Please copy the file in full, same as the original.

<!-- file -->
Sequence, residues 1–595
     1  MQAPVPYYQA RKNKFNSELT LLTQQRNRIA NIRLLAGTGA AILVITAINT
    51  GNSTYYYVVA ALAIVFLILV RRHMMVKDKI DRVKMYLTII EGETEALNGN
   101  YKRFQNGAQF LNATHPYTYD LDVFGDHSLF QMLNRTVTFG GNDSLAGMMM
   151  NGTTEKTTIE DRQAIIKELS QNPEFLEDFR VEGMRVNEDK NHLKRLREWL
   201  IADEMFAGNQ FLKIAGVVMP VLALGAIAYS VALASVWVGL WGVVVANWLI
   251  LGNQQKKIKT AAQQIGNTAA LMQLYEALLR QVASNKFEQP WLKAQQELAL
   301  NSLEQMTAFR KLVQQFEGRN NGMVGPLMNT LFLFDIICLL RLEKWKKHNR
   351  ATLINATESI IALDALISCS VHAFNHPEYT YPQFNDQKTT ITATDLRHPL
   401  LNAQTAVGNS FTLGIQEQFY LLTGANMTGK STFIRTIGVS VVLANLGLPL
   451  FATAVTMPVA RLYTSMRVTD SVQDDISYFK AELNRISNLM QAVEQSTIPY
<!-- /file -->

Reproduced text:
Sequence, residues 1–595
     1  MQAPVPYYQA RKNKFNSELT LLTQQRNRIA NIRLLAGTGA AILVITAINT
    51  GNSTYYYVVA ALAIVFLILV RRHMMVKDKI DRVKMYLTII EGETEALNGN
   101  YKRFQNGAQF LNATHPYTYD LDVFGDHSLF QMLNRTVTFG GNDSLAGMMM
   151  NGTTEKTTIE DRQAIIKELS QNPEFLEDFR VEGMRVNEDK NHLKRLREWL
   201  IADEMFAGNQ FLKIAGVVMP VLALGAIAYS VALASVWVGL WGVVVANWLI
   251  LGNQQKKIKT AAQQIGNTAA LMQLYEALLR QVASNKFEQP WLKAQQELAL
   301  NSLEQMTAFR KLVQQFEGRN NGMVGPLMNT LFLFDIICLL RLEKWKKHNR
   351  ATLINATESI IALDALISCS VHAFNHPEYT YPQFNDQKTT ITATDLRHPL
   401  LNAQTAVGNS FTLGIQEQFY LLTGANMTGK STFIRTIGVS VVLANLGLPL
   451  FATAVTMPVA RLYTSMRVTD SVQDDISYFK AELNRISNLM QAVEQSTIPY